See id. at 1133.
See id. (citing 15 U.S.C. § 1692k(a)).
Id. (quoting H.R. Rep. No. 131, 95th Cong. 1st Sess. 8.).
15 U.S.C. § 1692a(3).
plaintiff.69 As a result, the court determined the plaintiff had standing under the FDCPA
on two grounds: under the definition of “consumer”, and as any person harmed by unfair
debt collection practices.70
McGown has standing because she pled S&B failed to comply with the FDCPA
by garnishing her wages, thus rendering her both “any person” and a “consumer” for
purposes of the FDCPA. McGown is, by default, any person and is a consumer
because S&B attempted to collect a debt from her, albeit due to an alleged mistake.
Thus, McGown has sufficient standing under the FDCPA to continue this action.
FDCPA Claims as a Matter of Law
S&B argues McGown’s FDCPA claims fail as a matter of law.71 S&B first
maintains the FDCPA is inapplicable given that its only collection activities with respect
to McGown were conducted under Colorado garnishment law.72 S&B next argues its
collection activities did not constitute “false, deceptive, misleading representation” as
required by 15 U.S.C. § 1692e.73 Specifically, S&B points out it did not make
representations directly to McGown.74 S&B cites several cases for the proposition debt
collectors should have access to judicial resources and are not responsible for errors by
third parties.75 Lastly, it argues § 1692f is inapplicable and does not create a cause of
action under federal law where a state law claim exists.76
See Dutton, 809 F. Supp. at 1134.
D.I. 17 at 9.
Id. at 10.
Id. at 11.
Id. at 11-14.
Id. at 13.
McGown counters state law does not preempt FDCPA claims.77 In addition, she
contends the wrongful garnishment using her social security number is a false,
deceptive or misleading statement under § 1692e.78 McGown differentiates this matter
from those cited by S&B based on the fact those cases involved errors by financial
institutions whereas the error here was committed by S&B.79 McGown argues her claim
under § 1692f constitutes a claim under the FDCPA, and cites authority for federal law
claims prevailing over state law claims.80
McGown correctly asserts she is not barred from asserting a FDCPA claim even
when a state law claim exists.81 Although S&B cites numerous cases that provide third
party error may not be imputed to the debt collector, it is plausibly alleged the error—the
mistaken social security number—was committed by S&B. Likewise, McGown’s claims
under § 1692f are sufficiently alleged since the conduct by S&B resulted in “the
collection of any amount . . . unless such amount is expressly authorized by the
agreement creating the debt or permitted by law.”82 Thus, McGown’s claims do not fail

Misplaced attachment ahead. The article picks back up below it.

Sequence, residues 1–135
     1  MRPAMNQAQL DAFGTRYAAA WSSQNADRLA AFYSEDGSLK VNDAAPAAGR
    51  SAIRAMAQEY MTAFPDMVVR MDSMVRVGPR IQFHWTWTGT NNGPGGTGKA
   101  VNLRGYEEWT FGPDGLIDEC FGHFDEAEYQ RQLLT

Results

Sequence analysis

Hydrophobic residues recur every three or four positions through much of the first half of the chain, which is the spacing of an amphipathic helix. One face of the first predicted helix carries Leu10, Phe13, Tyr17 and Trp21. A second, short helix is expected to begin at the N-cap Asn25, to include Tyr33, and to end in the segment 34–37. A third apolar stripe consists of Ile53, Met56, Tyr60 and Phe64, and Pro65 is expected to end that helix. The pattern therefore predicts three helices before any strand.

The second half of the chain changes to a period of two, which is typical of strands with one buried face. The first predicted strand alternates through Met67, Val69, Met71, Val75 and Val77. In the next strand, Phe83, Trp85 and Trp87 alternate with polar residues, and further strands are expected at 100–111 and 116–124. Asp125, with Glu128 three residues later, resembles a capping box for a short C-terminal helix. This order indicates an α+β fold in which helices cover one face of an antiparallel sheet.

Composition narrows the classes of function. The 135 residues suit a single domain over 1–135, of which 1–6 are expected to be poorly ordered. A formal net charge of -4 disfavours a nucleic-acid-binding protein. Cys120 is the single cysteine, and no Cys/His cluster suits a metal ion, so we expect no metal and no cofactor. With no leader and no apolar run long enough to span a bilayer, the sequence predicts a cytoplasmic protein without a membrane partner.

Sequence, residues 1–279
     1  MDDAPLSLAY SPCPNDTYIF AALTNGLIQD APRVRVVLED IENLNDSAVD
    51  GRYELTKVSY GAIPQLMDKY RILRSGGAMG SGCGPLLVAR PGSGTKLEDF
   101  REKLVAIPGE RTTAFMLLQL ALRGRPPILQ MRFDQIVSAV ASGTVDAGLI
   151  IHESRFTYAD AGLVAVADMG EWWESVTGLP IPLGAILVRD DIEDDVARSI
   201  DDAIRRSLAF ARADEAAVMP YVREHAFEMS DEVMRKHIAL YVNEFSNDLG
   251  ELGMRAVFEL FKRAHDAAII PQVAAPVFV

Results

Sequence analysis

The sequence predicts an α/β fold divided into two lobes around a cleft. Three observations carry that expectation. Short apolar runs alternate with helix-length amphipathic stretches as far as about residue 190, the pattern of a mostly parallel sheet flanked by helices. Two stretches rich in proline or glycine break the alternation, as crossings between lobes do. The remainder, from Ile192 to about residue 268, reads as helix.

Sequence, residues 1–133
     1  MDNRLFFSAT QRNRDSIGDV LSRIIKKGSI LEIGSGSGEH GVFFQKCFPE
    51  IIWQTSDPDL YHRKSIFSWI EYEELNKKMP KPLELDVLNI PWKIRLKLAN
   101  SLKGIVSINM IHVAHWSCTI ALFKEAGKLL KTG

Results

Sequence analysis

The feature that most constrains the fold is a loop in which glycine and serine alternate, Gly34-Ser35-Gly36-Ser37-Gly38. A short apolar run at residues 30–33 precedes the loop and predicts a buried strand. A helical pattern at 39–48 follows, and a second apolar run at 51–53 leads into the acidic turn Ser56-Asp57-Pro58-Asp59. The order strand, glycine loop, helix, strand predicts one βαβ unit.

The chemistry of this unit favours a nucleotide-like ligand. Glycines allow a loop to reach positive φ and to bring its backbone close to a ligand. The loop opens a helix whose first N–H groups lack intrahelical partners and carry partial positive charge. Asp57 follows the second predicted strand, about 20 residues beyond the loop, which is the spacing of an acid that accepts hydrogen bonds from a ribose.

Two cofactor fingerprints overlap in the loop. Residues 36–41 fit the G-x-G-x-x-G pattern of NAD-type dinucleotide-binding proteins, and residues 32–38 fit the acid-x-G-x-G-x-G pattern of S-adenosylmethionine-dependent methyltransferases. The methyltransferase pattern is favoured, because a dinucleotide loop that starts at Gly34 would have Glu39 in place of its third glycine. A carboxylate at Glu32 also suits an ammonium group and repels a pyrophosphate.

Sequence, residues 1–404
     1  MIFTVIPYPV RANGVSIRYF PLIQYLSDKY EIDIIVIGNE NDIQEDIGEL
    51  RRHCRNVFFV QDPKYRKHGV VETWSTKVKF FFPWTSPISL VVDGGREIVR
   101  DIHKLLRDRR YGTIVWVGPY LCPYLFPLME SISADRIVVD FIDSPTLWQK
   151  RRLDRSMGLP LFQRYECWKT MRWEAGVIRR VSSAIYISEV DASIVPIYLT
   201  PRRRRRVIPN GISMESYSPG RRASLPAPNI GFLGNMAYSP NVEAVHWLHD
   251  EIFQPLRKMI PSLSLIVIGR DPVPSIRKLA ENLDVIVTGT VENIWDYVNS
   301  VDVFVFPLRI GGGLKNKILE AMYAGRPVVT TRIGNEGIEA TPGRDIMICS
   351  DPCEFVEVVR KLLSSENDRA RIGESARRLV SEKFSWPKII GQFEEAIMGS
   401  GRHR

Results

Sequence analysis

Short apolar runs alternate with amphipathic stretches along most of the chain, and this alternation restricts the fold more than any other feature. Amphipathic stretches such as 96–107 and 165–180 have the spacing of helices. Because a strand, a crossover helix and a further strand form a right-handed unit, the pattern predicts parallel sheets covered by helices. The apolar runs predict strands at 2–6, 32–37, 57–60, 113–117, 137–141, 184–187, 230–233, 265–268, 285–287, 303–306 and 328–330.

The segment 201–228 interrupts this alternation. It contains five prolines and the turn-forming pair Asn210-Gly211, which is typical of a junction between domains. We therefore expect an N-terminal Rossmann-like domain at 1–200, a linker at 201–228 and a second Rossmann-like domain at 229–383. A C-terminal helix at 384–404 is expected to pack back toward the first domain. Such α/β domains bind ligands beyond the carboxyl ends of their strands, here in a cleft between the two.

as a matter of law at this stage of the litigation, and S&B’s motion to dismiss should be
S&B requests the court decline supplemental jurisdiction over McGown’s state
law claims because the FDCPA claims fail, thus eliminating a basis for federal
D.I. 23 at 13.
Id. at 14.
Id. at 15-16.
See Allen ex rel. Martin v. LaSalle Bank, 629 F.3d 364, 369 (3d Cir. 2011)
(holding state litigation privilege does not render FDCPA claims invalid).
15 U.S.C. § 1692f(1).
jurisdiction.83 However, given the FDCPA claims, as pled, are sufficient to overcome
the motion to dismiss, the court should exercise supplemental jurisdiction over the state
law claims. These claims are related to the FDCPA claims and are part of the same
case or controversy.84
S&B’s motion to dismiss should denied. McGown has sufficiently pled that the
“debt” and S&B as a “debt collector” fall within the purview of the FDCPA. Further,
McGown does not lack standing and her claims, at this stage of the litigation, do not fail
as a matter of law.
ORDER & RECOMMENDED DISPOSITION
For the reasons contained herein, the court recommends S&B’s motion to
dismiss (D.I. 16) be DENIED.
This Report and Recommendation is filed pursuant to 28 U.S.C. § 636(b)(1)(B),
FED. R. CIV. P. 72(a) and D. Del. LR 72.1. The parties may serve and file specific
written objections within fourteen days after being served with a copy of this Report and
Recommendation. The objections and response to the objections are limited to five (5)
The parties are directed to the Court’s Standing Order in Non-Pro Se matters for
Objections Filed under FED. R. CIV. P. 72, dated October 9, 2013, a copy of which is
available on the Court’s website, www.ded.uscourts.gov to the extent not inconsistent
with this Order.
D.I. 17 at 15.
See 28 U.S.C. § 1367(a) (providing for supplemental jurisdiction over state law
claims relating to federal claims in the same case or controversy).
February 3, 2014
/s/ Mary Pat Thynge
UNITED STATES MAGISTRATE JUDGE